End Function

  Private Function RemoveQualifier(ByVal value As IEnumerable, ByVal qualifier As Char) As String()
    Return RemoveQualifier(value, qualifier, Nothing)
  End Function

  Private Function RemoveQualifier(ByVal value As IEnumerable, ByVal qualifier As Char, ByVal propertyName As String) As String()
    Dim results As New ArrayList
    Dim instanceValue As Object

    For Each Item As Object in value
      If propertyName IsNot Nothing AndAlso propertyName.Trim.Length > 0 Then
        Dim propertyItem As PropertyInfo = item.GetType.GetProperty(propertyName)
        instanceValue = propertyItem.GetValue(item, Nothing)
      Else
        instanceValue = item.ToString
      End If

      If instanceValue Is Nothing Then
        results.Add(instanceValue)
      Else
        results.Add(RemoveQualifier(instanceValue.ToString, qualifier))
      End If
    Next

    Return CType(results.ToArray(GetType(String)), String())
  End Function

  Private Function RemoveQualifier(ByVal value As String, ByVal qualifier As Char) As String
    Dim result As String = value
    If result.StartsWith(qualifier) AndAlso result.EndsWith(qualifier) Then result = result.SubString(1, result.Length - 2)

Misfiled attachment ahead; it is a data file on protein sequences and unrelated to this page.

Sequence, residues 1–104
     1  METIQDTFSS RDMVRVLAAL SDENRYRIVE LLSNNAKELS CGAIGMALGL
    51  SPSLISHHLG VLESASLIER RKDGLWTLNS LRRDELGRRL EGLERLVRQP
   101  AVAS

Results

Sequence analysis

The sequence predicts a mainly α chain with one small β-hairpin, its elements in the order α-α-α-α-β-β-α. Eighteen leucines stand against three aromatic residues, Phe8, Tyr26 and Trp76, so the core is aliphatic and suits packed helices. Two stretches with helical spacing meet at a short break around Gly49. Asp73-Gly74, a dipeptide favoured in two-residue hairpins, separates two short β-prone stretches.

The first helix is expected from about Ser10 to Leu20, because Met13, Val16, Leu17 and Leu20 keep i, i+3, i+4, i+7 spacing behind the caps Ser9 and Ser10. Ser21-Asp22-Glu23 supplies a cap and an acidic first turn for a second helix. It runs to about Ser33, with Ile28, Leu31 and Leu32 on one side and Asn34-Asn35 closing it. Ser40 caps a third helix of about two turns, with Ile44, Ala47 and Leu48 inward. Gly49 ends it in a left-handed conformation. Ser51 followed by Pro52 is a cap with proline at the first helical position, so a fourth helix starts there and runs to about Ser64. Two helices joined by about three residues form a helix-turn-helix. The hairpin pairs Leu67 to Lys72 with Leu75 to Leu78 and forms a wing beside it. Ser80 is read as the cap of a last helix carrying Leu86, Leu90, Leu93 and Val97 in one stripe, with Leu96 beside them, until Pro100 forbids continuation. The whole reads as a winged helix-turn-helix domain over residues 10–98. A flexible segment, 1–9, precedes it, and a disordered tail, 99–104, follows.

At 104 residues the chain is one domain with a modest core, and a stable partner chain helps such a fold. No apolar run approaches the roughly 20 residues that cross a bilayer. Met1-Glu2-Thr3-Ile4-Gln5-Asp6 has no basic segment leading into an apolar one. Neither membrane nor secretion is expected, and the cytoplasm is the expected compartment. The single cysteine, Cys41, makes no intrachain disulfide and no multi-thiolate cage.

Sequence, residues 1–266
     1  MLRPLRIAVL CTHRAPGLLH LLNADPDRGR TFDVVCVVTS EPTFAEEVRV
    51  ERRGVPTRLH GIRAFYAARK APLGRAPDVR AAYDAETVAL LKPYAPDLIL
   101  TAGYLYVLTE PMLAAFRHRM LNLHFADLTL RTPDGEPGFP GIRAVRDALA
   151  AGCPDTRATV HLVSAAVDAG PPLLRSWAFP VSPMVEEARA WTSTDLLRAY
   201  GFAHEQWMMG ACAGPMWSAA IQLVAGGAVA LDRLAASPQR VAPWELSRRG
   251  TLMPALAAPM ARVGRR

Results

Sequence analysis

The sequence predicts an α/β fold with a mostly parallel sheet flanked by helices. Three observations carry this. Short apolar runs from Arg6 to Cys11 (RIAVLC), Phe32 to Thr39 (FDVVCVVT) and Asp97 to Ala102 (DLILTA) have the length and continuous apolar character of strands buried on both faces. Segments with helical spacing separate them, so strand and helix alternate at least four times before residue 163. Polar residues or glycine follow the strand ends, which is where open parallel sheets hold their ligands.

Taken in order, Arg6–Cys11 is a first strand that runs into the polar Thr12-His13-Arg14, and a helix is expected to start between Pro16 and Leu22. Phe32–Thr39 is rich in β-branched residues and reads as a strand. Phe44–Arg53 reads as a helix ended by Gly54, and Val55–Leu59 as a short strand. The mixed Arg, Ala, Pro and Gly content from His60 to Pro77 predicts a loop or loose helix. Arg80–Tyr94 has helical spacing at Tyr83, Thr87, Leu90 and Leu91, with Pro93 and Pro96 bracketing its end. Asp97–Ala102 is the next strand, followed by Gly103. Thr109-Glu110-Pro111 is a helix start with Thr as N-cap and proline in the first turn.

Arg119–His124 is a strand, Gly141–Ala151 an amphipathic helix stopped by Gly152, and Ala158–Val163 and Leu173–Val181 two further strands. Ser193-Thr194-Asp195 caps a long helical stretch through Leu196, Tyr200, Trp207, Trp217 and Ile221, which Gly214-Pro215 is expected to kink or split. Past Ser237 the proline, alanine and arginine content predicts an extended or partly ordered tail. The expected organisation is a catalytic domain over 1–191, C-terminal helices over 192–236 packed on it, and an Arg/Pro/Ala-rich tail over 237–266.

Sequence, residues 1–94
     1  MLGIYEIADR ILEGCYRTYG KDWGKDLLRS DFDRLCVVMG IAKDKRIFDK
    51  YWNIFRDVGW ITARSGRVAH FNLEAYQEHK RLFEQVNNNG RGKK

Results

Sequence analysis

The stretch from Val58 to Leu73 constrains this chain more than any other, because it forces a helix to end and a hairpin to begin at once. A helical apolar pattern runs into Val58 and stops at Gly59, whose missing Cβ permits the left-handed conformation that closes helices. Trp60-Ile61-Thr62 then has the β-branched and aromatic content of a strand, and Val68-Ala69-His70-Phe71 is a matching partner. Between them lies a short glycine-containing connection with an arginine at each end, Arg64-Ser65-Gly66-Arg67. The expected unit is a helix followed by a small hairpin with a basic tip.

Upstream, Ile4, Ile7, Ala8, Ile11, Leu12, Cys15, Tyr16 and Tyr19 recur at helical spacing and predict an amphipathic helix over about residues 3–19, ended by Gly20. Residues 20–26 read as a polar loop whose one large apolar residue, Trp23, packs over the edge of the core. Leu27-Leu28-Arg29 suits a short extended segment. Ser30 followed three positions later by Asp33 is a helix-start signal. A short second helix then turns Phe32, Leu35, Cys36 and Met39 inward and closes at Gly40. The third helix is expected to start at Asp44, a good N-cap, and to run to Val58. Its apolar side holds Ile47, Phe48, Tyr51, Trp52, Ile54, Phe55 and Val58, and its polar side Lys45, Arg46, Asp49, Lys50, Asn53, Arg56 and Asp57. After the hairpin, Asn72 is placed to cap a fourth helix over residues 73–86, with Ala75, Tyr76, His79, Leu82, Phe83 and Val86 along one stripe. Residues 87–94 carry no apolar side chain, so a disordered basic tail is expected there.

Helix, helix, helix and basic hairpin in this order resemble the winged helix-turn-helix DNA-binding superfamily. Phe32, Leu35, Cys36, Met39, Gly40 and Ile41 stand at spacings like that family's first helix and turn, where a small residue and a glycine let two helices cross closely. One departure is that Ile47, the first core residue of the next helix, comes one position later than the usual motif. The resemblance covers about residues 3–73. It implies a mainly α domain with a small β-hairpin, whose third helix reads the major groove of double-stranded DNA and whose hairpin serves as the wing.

Return result
  End Function

In the next code snippet we handle converting a string array with key/value pairs into a StringDictionary. We’ll recycle the previous FullSplit function to get a string array of key/value pairs splitting each key/value pair and adding them to the StringDictionary. Again the beginning and ending text qualifier will be removed prior to adding the value to the collection. If there is no assignment operator in the value then the original value will be saved as both a key and a value.

  Public Function FullSplit(ByVal value As String, ByVal separator As Char, ByVal qualifier As Char, ByVal assignmentOperator As Char) As StringDictionary
    Dim results As New StringDictionary

    For Each pair As String In FullSplit(value, separator, qualifier)
      Dim indexOfOperator As Integer = pair.IndexOf(assignmentOperator)
      Dim keyName As String = pair
      Dim keyValue As String = pair

      If indexOfOperator > 0 Then
        keyName = pair.Substring(0, indexOfOperator)
        keyValue = pair.Substring(indexOfOperator + 1)
      End If

  keyName = keyName.Replace(separator, String.Empty)